Also, this one is only 1700 RPM, which means the forces on it are only a quarter what they would be for a 3500 RPM blower.

Then working on the motor mount, before gluing the housing together.

The motor has mounting holes on the front, but only a short shaft.

I glued some pads where the motor mount to offset it from the panel a little bit. That way the front of the motor is not cut off from air circulation.

I also drilled some shallow holes for the screw heads in the front so the screws would not protrude out of the plywood. The pads on the back help to reinforce the plywood where I thinned it with the holes for the screw heads.

Then fitting the rotor. I added a 6 mm thick piece of plywood to the back to help reinforce where the shaft goes (not visible in this picture).

And another 12 mm thick piece of plywood on the front to engage more of the motor's shaft. I glued that piece in place with the rotor on the motor and clamped against the housing. This way I could ensure the rotor wasn't on crooked.

I tested it with the rotor, but the motor's shaft ended up spinning in the hole in the rotor. So it definitely needed locking on. I filed a notch in the side of the hole, then put a 1" long #4 screw into the notch, facing the flat key side of the motor shaft. This locks the rotor onto the motor.

Testing it again, there was quite a lot of vibration. The rotor definitely needed balancing

I put an 8 mm shaft through the rotor and spun it between two horizontal pieces of wood. While I was pleased how little side-to-side wobble the rotor has, its definitely heavier on on one side.

I sanded down the heavy side some, but it wasn't enough to balance it.

So I glued another piece of wood to the inside of the rotor to add weight to the light side. This got the balance close enough.

I later balanced it some more

With the rotor and motor still mounted on the back of the blower housing from my previous test, I glued the outside of the housing on.

To save plywood, I figured the back panel of the cabinet would also serve as the front of the blower.

With a hole cut in the right place in the cabinet back panel, I just clamped it to the front of the blower for testing.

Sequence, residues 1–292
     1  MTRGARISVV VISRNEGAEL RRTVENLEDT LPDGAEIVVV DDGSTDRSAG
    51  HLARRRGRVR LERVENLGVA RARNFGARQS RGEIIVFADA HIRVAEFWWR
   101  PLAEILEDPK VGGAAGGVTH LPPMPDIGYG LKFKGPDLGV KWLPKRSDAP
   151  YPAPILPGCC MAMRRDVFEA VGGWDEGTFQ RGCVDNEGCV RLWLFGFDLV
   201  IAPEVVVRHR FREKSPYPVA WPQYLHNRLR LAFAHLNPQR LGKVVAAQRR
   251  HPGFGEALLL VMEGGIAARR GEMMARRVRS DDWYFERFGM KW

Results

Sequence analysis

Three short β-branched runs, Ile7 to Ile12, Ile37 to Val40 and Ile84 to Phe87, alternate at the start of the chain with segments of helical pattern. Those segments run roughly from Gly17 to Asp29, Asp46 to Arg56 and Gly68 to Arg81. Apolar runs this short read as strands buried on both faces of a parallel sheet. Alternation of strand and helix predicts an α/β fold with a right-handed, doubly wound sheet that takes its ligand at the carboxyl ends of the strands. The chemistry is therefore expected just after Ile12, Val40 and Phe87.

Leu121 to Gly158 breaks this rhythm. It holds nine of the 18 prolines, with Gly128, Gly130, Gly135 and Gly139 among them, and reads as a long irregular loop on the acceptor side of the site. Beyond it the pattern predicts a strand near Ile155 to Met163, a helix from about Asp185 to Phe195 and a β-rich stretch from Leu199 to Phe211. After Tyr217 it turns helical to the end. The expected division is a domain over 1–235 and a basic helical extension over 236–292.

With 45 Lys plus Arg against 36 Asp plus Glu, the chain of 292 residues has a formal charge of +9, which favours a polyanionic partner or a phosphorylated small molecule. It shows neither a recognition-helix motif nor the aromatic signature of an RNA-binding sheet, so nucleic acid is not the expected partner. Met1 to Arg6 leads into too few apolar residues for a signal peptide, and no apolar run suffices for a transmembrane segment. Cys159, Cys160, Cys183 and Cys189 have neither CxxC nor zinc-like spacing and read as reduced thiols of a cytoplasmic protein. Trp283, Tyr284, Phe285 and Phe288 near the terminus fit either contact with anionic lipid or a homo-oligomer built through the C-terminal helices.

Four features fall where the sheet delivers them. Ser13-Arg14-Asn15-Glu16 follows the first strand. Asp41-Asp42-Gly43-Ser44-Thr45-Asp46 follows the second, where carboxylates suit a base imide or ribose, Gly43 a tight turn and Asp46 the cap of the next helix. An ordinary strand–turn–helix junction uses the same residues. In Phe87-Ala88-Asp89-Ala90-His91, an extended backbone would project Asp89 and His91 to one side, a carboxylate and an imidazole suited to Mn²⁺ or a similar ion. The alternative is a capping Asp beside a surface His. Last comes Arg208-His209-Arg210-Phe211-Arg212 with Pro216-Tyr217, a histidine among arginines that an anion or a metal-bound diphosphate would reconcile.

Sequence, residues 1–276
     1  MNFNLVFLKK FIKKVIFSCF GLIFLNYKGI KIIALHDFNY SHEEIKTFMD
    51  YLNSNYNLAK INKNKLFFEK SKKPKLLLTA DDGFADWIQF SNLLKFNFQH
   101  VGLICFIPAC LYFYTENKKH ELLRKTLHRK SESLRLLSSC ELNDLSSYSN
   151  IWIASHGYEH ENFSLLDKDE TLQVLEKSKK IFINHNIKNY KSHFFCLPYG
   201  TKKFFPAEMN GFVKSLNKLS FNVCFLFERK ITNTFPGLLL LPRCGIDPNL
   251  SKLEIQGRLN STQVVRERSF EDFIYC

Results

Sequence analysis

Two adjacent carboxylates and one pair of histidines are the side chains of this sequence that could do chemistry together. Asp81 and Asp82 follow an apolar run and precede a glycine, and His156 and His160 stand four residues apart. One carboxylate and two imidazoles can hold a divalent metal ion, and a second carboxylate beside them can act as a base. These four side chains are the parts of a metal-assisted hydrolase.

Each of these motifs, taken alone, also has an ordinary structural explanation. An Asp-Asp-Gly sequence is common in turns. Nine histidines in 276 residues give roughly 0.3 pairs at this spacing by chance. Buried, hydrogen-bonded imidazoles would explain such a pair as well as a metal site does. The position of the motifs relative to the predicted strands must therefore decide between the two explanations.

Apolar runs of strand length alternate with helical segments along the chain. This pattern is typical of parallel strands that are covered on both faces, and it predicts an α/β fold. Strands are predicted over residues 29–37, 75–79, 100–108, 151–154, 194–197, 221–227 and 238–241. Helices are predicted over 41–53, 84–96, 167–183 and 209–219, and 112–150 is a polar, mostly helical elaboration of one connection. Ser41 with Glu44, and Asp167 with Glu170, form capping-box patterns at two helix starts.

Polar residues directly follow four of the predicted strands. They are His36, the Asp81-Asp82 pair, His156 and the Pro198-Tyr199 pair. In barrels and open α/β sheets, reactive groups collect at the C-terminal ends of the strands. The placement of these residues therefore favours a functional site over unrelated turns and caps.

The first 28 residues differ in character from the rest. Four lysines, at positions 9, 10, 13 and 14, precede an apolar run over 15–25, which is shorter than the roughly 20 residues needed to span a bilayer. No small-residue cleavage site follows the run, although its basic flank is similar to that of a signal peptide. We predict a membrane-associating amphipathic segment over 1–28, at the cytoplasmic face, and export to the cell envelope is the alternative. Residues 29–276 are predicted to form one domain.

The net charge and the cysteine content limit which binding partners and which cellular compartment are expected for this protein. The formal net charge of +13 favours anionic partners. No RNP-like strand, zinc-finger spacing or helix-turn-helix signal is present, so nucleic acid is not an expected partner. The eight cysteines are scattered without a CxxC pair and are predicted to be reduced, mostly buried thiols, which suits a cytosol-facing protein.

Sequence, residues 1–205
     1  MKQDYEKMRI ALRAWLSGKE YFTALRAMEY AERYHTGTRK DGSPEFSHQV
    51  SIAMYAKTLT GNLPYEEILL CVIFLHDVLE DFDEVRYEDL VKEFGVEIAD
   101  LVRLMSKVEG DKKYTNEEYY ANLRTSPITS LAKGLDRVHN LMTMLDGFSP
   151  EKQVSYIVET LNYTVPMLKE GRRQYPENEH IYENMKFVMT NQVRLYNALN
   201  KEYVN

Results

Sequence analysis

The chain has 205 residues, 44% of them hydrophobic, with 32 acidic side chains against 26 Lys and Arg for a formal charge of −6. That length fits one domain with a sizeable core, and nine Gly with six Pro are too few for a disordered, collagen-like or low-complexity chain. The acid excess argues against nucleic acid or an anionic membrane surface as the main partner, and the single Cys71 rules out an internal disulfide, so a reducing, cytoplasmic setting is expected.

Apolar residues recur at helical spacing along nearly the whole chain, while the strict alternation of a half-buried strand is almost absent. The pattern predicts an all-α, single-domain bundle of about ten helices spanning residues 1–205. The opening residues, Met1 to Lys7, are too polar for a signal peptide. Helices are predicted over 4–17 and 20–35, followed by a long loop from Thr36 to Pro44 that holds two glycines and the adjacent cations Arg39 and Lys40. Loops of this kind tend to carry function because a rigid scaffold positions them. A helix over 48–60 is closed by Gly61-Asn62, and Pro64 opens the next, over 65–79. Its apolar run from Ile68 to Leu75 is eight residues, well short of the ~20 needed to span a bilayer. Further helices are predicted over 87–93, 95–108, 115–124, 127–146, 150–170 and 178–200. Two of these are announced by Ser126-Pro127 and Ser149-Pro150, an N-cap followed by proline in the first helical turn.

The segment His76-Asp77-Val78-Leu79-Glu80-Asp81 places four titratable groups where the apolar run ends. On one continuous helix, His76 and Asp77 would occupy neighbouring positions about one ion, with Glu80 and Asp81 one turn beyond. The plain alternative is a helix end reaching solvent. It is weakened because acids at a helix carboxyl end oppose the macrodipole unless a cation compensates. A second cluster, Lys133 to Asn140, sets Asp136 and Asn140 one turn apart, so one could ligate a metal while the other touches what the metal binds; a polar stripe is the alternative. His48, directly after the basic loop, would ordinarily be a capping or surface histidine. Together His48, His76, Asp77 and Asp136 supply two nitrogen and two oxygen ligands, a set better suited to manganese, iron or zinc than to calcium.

Testing static suction with a U-shaped hose with water in it as a manometer.

I only got about 5 cm of head. But with only a 1700 RPM motor I wasn't expecting much. Had this been a 3400 RPM motor, I would have had 20 cm of head for suction, which would be about typical for shop dust collectors.

Testing air speed with an anemometer, I measured 7 meters per second over the all of the 12 cm diameter hole. That worked out to .08 cubic meters per second, or 4.7 m3/s or 167 CFM. But that's with just the blower. Once it has to suck through a filter and through the top of the cabinet, air resistance will reduce the flow somewhat.

Mounting a furnace filter in the back of the cabinet. Furnace filters really aren't meant to be used this way, but in time they will get caked with sawdust, and it's the actual sawdust that will do the filtering. This process is known as "seasoning" a filter. The sawdust on and in the filter media makes for more air resistance but also improves how much of the fine dust is filtered out of the air.

This vertical piece of wood against the filter will help to keep the filter from bowing towards where the air is sucked out. I only have about 3 cm or space behind the filter.

Finally screwing the blower onto the back panel...

... and mounting the back panel on the cabinet.

I measured the air speed over this opening at 3 meters per second. Multiplying that by the area of the hole, that again came to 0.08 m3/s. The furnace filter is still clean so it doesn't make for much air resistance.

But the air speed was enough to suck sawdust dropped in font of the hole into the hole as it fell past.

It's because this blower doesn't have to suck through a hose that its able to move as much air as it does, even though it produces very little static pressure (or suction).

And the airflow was also high enough that with this piece of plywood only partially covering the opening, there was still enough suction to hold it in place. Even though a shopvac can produce more than ten times the static pressure that my blower produces, its air flow would be much lower, and with this much "hole" on the front, there would not be enough vacuum to hold the piece of wood in place.

Next: Mounting the router and trying it out